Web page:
New OECD Report outlines six data actions for sustainable development
Whether filling data gaps on indigenous populations to leave no one behind or harnessing satellite imagery to combat climate change, achieving the Sustainable Development Goals hinges on our ability to harness evidence, technology, and data science. However, we know producing and providing more data alone will not be enough. Data must be transformed, analyzed, and most importantly, used for policy making, monitoring, and accountability. Data must be a catalyst for change.
The OECD just released the timely, highly relevant Development Co-operation Report 2017: Data for Development. The report provides a holistic view of data-driven development and identifies concrete actions to advance the job of improving the quality of data and statistics. The report highlights six concrete actions that international development partners, civil society, and the private sector can take to support the priorities and efforts of governments and national statistical systems to bridge the data divide. The release of the report is accompanied by highlights in development aid trends and allocations and profiles of providers of official development assistance.
Harnessing data for development is a topic that runs deep within the ethos of Open Data Watch. Working on the report with PARIS21 and OECD provided an opportunity for us to contribute our experience and learn from our partners and our own research.
We believe the national statistical systems (NSSs) can take advantage of the data revolution to build a sustainable data ecosystem. In chapter 3, we explore the opportunities, enablers, and challenges national statistical offices face in using big data and other new sources and methods. We review country capacity, gaps and strategies for putting in place the right data. As the chart below displays, additional work is needed to ensure NSSs are operating at high-capacity to provide the fundamental statistics. We dug deep to find out more about countries’ capacity to deliver fundamental statistics and understand variations in statistical capacity among different countries. The chapter sets out what needs to happen to build capable statistical systems: ensure better leadership and governance; strengthen core statistical programs; modernize national statistical systems through innovation; and focus more on disseminating and using statistics.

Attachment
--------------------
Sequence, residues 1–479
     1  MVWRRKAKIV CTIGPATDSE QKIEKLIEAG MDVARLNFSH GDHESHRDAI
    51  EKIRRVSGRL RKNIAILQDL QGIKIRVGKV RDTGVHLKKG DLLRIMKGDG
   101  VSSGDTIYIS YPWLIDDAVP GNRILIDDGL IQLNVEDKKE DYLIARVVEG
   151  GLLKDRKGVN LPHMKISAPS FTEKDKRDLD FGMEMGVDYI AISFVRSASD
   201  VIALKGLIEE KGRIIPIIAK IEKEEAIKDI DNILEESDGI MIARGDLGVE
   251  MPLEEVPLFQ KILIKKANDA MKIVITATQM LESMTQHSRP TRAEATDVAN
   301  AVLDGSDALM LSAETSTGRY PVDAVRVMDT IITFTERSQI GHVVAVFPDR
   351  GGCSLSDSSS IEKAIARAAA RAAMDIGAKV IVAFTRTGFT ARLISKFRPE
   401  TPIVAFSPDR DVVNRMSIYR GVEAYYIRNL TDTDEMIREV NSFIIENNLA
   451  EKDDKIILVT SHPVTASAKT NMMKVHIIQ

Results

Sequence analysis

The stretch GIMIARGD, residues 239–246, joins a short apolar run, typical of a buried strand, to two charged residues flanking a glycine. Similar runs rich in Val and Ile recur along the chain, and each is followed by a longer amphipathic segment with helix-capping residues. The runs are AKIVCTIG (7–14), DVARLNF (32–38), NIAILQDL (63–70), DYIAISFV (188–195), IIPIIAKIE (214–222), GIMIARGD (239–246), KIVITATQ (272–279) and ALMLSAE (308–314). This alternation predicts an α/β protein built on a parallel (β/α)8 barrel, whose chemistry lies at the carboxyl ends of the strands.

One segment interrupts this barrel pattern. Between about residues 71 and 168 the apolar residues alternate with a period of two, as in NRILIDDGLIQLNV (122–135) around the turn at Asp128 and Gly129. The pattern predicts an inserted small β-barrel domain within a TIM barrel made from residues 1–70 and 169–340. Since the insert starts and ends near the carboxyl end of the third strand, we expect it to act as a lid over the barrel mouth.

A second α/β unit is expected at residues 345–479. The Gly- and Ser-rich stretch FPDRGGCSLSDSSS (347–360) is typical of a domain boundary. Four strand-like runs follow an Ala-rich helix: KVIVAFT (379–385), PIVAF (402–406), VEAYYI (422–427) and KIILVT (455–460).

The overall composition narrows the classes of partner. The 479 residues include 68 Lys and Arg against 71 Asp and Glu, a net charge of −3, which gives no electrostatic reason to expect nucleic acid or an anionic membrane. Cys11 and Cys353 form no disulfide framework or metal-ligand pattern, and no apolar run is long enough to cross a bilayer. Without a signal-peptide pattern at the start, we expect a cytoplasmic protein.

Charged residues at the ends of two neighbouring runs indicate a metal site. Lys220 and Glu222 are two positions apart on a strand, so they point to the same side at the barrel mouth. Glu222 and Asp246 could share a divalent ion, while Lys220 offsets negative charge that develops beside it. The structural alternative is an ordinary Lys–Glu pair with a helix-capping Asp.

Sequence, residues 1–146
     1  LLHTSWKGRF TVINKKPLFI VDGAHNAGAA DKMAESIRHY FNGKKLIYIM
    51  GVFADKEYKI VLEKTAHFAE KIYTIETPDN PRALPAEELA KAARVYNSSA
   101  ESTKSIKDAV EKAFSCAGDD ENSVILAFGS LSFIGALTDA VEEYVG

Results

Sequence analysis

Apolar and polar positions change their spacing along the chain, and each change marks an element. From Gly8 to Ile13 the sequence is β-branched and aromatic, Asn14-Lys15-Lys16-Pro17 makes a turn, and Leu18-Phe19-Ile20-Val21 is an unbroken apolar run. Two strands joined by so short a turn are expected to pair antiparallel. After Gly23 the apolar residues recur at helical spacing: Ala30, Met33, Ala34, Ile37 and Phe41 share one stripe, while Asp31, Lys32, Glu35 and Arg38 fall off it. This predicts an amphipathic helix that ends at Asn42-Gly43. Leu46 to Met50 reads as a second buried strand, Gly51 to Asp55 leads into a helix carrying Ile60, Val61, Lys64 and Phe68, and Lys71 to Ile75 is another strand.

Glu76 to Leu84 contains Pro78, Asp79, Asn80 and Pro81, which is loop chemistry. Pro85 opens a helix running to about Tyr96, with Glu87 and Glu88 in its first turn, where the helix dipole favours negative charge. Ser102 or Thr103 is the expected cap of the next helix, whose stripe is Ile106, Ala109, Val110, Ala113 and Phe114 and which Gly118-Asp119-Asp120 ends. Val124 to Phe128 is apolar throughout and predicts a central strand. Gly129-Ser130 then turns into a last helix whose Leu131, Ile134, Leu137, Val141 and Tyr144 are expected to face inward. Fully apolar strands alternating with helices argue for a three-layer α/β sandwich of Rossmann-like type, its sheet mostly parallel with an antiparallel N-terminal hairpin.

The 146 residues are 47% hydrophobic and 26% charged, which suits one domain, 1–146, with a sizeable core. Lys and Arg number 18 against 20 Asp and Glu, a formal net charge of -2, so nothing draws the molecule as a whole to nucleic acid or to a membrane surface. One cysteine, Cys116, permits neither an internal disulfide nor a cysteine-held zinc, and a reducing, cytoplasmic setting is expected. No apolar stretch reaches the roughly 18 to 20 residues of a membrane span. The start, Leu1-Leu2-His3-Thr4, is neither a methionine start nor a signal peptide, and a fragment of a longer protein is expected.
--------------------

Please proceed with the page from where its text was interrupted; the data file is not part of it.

But as Martine Durand noted (and we agree) statisticians – especially those in developing countries – cannot do this work alone. Increasing the capacity of national statistical offices (NSOs) will require the support of the entire government, donors, international organizations, and private sector. The data ecosystem is expanding and we need all hands on deck. The chapter tackles issues such as how to rethink the support of old actors and how to integrate the participation of new actors in capacity building efforts.
More financial resources are needed to build statistical capacity as the recently released PRESS 2017 demonstrates. Despite the reputation data have gained as the catalyst for sustainable development, statistical systems remain under-resourced and under-staffed. As those inside and outside the statistical community push for more funding for statistics, such calls should be coupled with a better understanding of how to most effectively use additional funds. The chapter seeks to identify those priority items – leading us on a path to demand-driven, holistic approach to strengthening statistical systems.
Building on the work of PARIS21’s Capacity Development 4.0, the chapter calls for a revitalization of donor support for statistics. As we shift away from traditional approached, with their heavy reliance on technical assistance and a focus on the supply side and donors’ priorities, we are adopting new approaches that emphasize partnerships, support aligned with national statistical plans, and a focus on the use and the users of data. The chart below, taken from chapter 4 of the report, compares these two approaches and sets the stage for the detailed priorities described in the chapter.
The Development Co-operation Report is not limited to these two topics alone. The remaining chapters discuss the value of data, making better use of results data, and how to improve development finance data. Improving sustainable development is a monstrous task for all actors. Political leadership, in a supportive institutional framework together with financial, technical and human resources, public-private partnerships and a user-focus are crucial if data are to drive and enable development. Stefan Schweinfest says it best in his “In my view” piece of the report – we need a global data architecture for sustainable development.
In closing, a wealth of knowledge is presented in Development Co-operation Report. It presents an opportunity not to be missed by all stakeholders to take actions. The findings and recommendations of the report will provide valuable knowledge on the latest in the status of countries in meeting the data for development demand. And the options provided will help policy makers to build on the opportunities presented to make data work for sustainable development.
Read the full report here: